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Conflict Resolution


Increasing the Chances of Success

Basic Steps

Old Methods (Used by Adults on Children)

Personal Example - A conflict with my neighbor - March 2, 2016


Suggested Reading

- Respect

- Mediation

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Nearly all conflicts involve underlying emotional issues. The stronger the feelings, the more difficult the resolution. To resolve conflicts, then, it is absolutely necessary to address the feelings of all parties. Listed below is a conflict resolution model which emphasizes emotions.


Increasing the Chances of Success

The probability of a mutually agreeable solution is increased when:

  • The parties are in direct communication

  • The parties have learned the basics skills of Emotional Literacy, EQ-Based listening, and Validating

  • The parties honestly communicate both thoughts and feelings

  • There is a mutual respect of needs and feelings.

  • Neither party feels superior or more powerful.

  • Participation is voluntary, not forced.

  • The goal is a win-win outcome.

  • This principle is followed:

First seek to understand, then to be understood.1

The Basic Steps

A. Seek To Understand

  • Validate each person's feeling.
  • Confirm a willingness to solve problem.
  • Seek understanding of the cause of the feeling.
  • Confirm accurate understanding. Paraphrase.
  • Identify the underlying unmet emotional needs.
  • Show empathy.
  • Ask the powerful and positive question:

What would help you feel better?

B. Seek to be Understood:

  • Share your feelings & needs
  • Confirm accurate reception & understanding.

C. Mutually generate options & resolutions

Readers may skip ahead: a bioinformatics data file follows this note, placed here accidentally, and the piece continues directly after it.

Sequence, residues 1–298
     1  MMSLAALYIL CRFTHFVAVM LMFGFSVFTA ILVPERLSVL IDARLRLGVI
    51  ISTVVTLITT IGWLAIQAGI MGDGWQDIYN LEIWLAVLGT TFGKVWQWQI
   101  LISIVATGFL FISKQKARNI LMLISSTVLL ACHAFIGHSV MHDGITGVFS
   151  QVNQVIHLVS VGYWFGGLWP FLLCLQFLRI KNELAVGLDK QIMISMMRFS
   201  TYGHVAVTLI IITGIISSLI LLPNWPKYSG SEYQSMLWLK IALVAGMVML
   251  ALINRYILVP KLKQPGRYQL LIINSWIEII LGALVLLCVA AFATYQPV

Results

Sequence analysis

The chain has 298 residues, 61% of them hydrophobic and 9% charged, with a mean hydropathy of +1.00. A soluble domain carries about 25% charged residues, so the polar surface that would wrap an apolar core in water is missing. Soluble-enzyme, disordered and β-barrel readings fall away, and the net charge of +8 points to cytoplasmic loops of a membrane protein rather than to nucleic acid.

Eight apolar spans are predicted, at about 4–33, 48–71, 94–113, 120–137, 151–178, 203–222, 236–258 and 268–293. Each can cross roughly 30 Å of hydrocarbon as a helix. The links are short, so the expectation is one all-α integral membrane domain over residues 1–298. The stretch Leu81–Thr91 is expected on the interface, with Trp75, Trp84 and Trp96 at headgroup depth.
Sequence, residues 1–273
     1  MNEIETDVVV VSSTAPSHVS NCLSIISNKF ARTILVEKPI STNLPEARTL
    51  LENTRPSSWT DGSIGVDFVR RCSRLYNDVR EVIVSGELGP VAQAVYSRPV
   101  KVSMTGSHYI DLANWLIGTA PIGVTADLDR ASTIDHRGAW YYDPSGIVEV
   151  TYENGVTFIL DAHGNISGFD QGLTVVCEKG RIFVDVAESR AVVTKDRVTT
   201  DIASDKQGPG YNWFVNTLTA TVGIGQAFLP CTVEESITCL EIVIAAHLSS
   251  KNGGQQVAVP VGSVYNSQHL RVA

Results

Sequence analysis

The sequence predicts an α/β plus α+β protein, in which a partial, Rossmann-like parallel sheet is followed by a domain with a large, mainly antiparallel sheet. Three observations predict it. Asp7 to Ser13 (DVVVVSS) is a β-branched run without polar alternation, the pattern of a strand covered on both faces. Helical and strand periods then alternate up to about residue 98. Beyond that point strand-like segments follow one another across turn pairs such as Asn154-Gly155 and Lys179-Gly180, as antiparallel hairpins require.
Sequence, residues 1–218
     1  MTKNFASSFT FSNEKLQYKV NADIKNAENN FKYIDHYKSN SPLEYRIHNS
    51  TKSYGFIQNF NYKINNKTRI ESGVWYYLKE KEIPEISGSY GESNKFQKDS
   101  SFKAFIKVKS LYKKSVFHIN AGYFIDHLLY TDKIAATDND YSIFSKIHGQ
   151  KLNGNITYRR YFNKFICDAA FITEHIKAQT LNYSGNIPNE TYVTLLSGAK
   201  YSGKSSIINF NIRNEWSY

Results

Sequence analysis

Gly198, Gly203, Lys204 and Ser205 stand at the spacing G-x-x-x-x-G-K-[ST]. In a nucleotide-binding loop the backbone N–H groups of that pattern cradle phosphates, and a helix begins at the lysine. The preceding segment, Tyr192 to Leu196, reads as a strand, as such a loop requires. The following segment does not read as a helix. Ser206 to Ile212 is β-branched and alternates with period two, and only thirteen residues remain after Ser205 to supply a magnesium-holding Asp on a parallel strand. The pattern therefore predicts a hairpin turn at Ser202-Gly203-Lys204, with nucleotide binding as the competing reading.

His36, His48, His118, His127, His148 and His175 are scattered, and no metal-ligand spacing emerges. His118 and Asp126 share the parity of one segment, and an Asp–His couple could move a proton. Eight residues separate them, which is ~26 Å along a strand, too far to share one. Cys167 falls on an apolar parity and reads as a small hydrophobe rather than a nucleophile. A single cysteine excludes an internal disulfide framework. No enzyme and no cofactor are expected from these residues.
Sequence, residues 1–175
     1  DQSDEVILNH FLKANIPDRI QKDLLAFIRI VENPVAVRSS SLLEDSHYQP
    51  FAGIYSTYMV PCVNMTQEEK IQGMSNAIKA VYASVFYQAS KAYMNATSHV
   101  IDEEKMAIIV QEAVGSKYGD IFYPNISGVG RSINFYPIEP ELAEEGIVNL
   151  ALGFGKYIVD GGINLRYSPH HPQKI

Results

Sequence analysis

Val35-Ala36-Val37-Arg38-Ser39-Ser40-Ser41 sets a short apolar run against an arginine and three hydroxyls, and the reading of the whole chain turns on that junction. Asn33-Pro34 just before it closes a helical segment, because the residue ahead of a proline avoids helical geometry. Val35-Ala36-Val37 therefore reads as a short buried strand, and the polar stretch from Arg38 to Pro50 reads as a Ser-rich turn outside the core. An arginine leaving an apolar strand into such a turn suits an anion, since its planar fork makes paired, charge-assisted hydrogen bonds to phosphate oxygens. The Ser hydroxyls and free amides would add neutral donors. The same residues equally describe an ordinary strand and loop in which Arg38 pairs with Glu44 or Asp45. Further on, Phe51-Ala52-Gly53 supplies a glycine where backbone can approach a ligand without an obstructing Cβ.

• Brainstorm solutions (while withholding evaluation/judgment).
  • Discuss each party's feelings about alternatives.
  • Make selection which maximizes positive feelings and minimizes negative feelings.



1. Resist inclination to focus on behavior at the expense of addressing the feelings behind the behavior.

2. Allow the least powerful person the lead role in generating and evaluating options. This helps balance the power.

Note: Manuel J. Smith, author of When I Say No I Feel Guilty. Smith says, in addition to the two traditional ways of responding to conflict, fight or flight, there is a third way.

This third way is to verbally problem solve.

In all my reading, this is the only time I have ever seen this idea expressed, but how much sense it makes! And if we could all remember just this one point, what a difference it would make.

Conflict With My Neighbor
Personal Story - S. Hein

Background - I am currently renting an old house in a small village in Uruguay. Right now I am trying to figure out ways to solve a conflict we have by using a combination of the ideas written on this page and some ideas I got from Marshall Rosenberg, who started NVC - Non-violent communication.

Today I was thinking of going to the nearby cities to try to find people to help me with conflict I have with my neighbor. I want to find someone who will help me write something in Spanish so I can present it to the commission members who I rent my house from.

I was also thinking of how I would like to use this conflict and my ideas on conflict resolution for a topic to discuss or present in schools or adult classes. Then I started thinking "I will use this as an opportunity to get something positive from this.

After I thought this I started thinking about cognitive therapy, David Burns, positive psychology etc.

I realized that I did not start out by trying to find something positive about this experience. Instead I have processed my feelings and my needs and my beliefs for a very long time. As a result of this processing, I started feeling more "positive." It was not as a result of "positive thinking" or any thing David Burns would recommend in his Feeling Good book.